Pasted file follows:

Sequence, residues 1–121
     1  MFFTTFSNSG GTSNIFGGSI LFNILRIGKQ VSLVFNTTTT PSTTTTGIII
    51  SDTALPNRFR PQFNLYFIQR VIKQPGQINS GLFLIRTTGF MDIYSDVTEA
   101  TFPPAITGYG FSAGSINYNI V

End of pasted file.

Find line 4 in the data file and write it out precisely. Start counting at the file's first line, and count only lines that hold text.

   101  TFPPAITGYG FSAGSINYNI V